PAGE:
Devil’s Tower But The Sioux Know it By Another Name

 

Sioux Warrior

The two men sat their horses facing west. One was a white man who came from Sweden to the western states to hunt beaver pelts many years ago when beaver hats were all the rage in Europe. The other an Indian, an old Lakota Sioux warrior whose people had hunted the land for many years, ever since the Anishinabe, the First People, forced them from the Minnesota Territory. The two had been friends a long time. They met a few moons after the great victory of ’73, when the Sioux along with their brothers the Cheyenne, defeated Yellow Hair Custer and his men at the Little Big Horn. Neither man had liked General Custer. The white man had worked as a scout out of Fort Laramie under the command of General Crook when Custer was under Crooks command as well. He rode with Custer a few times and considered him incompetent as well as arrogant. He felt Custer got his due. The years since then had passed quickly and they saw many people arrive and a change come over the land. They knew people like them would soon be forced to flee or die.
They were watching the sun fade in the west behind a tall rock jutting out over the Wyoming plains.
“Do you see that rock?” The old warrior asked his friend.
“Of course I see that rock. I ain’t blind. It’s Devil’s Tower.”
“That is the white man’s name. We have no devil in our beliefs. We got along well all these many centuries without him. You people invented the devil and, as far as I am concerned, you can keep him. But everybody these days knows that towering rock by this name, so Devil’s Tower it is.”
“So, what about it?”
“My people have another name for it. We know it as Bear Rock and there is a story to that.”
“Ain’t there always with you Indians?”
“I suppose. When you get close you will see on its sides there are many, many streaks and gashes running straight up and down, like scratches made by giant claws, bear claws.
Well, long, long ago, two young Indian boys found themselves lost in the prairie. You know how it is. You Wasichas get lost all the time. The boys shot their toy bows out into the sagebrush and went to retrieve them. They heard a small animal make a noise and went to investigate.
They came to a stream with many colorful pebbles and followed that for a while. Then they came to a hill and wanted to see what was on the other side. You know how that is, you Wasichus are always curious. Well, on the other side they saw a herd of antelope and, of course, they had to track them for a while.”
“Is there a purpose to this story, or are you just having fun at my expense?”
“That too. When the boys got hungry they knew it was time to go home but found they did not know where they were. They started off in the direction they thought their village was but ended up farther away from it. At last, being very tired from all that walking, they curled up beneath a tree and went to sleep.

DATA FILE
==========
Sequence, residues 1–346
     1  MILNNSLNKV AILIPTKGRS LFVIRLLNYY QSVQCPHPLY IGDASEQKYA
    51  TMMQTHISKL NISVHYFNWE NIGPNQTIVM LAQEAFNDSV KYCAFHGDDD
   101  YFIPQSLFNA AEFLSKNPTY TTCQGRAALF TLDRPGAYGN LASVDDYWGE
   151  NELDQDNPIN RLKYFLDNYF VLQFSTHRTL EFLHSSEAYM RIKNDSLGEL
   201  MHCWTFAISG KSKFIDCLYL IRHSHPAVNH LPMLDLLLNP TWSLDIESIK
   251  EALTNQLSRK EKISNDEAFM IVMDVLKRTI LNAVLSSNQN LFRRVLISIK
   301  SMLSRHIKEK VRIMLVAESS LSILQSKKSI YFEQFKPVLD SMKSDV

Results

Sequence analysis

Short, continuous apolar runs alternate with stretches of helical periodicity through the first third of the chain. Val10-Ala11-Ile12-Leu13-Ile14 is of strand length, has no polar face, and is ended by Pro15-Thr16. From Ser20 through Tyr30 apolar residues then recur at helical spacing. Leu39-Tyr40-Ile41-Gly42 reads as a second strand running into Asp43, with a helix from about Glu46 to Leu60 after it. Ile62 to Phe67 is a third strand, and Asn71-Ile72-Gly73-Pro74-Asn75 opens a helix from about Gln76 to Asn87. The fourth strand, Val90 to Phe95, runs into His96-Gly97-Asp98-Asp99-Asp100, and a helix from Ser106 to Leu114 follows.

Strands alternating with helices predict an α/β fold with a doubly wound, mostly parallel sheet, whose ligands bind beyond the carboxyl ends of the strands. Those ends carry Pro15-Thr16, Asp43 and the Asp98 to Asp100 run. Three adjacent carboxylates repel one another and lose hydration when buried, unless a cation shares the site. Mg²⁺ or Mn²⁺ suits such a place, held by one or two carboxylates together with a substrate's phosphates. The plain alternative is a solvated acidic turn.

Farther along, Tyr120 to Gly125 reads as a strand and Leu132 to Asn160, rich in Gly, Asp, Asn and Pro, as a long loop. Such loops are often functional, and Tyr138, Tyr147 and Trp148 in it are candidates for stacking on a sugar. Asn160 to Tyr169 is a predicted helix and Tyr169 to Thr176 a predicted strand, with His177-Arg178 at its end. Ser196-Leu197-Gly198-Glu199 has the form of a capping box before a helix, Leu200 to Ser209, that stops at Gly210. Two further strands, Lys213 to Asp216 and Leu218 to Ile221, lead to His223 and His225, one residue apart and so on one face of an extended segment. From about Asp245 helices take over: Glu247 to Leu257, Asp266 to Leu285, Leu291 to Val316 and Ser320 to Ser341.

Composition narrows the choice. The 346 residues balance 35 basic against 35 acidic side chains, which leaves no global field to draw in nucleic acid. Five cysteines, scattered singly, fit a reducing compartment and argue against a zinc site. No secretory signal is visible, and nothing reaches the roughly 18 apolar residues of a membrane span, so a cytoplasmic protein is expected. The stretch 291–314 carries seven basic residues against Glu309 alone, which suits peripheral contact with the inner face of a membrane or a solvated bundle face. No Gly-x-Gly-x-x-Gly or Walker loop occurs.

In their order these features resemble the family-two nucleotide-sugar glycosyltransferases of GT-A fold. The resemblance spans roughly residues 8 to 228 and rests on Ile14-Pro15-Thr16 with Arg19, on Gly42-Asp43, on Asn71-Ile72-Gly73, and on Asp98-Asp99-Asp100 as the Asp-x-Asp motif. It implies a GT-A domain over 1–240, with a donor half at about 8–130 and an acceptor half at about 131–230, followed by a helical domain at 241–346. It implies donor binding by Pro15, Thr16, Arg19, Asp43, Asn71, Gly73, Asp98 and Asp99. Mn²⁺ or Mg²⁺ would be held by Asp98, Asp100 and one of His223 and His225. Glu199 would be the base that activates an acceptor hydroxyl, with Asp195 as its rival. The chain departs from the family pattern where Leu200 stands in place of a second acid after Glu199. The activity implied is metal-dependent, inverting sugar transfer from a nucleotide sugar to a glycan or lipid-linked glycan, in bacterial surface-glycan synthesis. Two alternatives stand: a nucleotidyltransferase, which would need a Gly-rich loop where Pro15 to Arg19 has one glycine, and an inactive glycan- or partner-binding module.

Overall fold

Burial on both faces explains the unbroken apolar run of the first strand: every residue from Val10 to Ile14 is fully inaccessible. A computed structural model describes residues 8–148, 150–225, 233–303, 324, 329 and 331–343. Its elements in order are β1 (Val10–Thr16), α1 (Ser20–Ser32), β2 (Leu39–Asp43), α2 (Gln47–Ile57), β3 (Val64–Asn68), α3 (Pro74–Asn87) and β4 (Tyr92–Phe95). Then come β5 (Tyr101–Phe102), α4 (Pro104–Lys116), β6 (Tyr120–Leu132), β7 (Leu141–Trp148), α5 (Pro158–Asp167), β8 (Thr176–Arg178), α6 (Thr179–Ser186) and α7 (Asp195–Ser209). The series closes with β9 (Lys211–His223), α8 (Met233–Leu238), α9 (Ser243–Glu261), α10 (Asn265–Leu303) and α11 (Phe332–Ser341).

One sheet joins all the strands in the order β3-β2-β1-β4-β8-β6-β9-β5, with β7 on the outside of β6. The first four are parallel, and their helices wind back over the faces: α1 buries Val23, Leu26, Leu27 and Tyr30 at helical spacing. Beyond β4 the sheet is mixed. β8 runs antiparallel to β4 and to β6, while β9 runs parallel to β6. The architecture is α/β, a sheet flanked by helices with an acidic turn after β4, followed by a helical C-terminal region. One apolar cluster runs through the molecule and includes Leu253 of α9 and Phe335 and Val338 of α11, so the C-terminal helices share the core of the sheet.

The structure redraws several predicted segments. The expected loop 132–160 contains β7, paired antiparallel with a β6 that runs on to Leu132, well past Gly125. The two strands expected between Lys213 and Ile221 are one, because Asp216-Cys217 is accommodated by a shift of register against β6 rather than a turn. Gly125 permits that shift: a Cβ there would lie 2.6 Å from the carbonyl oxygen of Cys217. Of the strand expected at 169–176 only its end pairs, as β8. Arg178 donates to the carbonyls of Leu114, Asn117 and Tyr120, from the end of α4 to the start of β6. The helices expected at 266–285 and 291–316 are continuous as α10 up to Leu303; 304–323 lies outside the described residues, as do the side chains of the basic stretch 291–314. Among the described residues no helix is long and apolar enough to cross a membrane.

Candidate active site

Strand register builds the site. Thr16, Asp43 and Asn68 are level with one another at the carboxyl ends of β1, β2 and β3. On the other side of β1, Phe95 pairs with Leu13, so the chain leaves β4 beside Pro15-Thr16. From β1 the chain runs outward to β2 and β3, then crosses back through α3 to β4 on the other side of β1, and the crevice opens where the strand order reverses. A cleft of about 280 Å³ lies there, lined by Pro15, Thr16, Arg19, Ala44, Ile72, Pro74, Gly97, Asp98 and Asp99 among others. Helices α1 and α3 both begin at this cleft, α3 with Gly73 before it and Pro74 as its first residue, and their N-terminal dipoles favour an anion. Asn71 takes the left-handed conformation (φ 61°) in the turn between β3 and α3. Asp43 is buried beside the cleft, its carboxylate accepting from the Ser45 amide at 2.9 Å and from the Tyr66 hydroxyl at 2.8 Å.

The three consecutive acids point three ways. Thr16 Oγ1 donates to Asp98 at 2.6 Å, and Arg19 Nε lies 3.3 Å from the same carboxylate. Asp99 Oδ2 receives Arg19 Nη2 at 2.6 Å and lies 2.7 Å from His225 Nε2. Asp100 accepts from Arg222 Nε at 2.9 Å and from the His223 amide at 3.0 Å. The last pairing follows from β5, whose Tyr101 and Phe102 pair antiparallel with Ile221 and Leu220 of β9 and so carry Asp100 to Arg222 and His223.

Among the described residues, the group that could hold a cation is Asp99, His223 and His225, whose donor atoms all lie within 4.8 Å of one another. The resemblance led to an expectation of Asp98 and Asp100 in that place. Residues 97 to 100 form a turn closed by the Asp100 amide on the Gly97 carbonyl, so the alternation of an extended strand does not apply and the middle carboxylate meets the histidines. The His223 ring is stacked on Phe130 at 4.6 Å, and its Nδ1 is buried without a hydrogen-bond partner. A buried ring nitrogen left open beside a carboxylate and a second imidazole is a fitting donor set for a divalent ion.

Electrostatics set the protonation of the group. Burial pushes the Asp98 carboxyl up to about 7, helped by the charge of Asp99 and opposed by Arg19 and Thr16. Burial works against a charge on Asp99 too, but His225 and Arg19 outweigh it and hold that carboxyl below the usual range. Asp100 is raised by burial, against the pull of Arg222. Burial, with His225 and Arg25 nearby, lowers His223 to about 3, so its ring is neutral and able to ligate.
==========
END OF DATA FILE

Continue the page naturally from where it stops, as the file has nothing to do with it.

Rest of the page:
The next morning they rose and walked some more, still headed the wrong way. They ate some wild berries and dug up wild turnips, found some chokecherries, and drank water from streams. For three days they walked toward the west.
On the fourth day, the boys had a feeling that they were being followed. They looked around and in the distance saw Mato, the bear. This was no ordinary bear, but a giant grizzly so huge that the two boys would only make a small mouthful for him, but he had smelled the boys and wanted that mouthful. The earth trembled as he gathered speed and got closer to the boys.
The boys started running, looking for a place to hide, but there was no such place and Mato was much faster than they were. They stumbled, and the bear was about to pounce upon them. They could see his enormous, wicked teeth. They could smell his hot, evil breath. The boys were old enough to have learned to pray, and they called upon Wakan Tanka, the Creator:
“Tunkashila, Grandfather, have pity, save us,” they prayed.
“All at once the earth shook and began to rise. The boys rose with it. Out of the earth came a cone of rock going up, up until it was more than a thousand feet high. And the boys were on top of it. Mato the bear was disappointed to see his meal disappearing into the clouds.
Have I said he was a giant bear? This grizzly was so huge that he could almost reach to the top of the rock, trying to get up, trying to get those boys. As he did so, he made big scratches on the sides of the towering rock. But the stone was too slippery; Mato could not get up. He tried every side. He scratched up the rock all around, but it was no use. The boys watched him wearing himself out, getting tired and finally giving up. Soon Mato left, growling, and grunting as he disappeared over the horizon.
The boys were saved.”
“How did they get down, old man? They were not birds. They could not fly. I suppose you are going to tell me that father Coyote came to save the day again?”
“No, not this time, Washichus, it was Wanblee, the eagle, he has always been a friend to our people. So it must have been the eagle that let the boys grab hold of him and he carried them safely back to their village.”
“Yeah? So why are you telling me this?”
“To let you know that the Sioux have been to the top of that rock and back down again. Wakan Tanka made it so. No white man has been there.”

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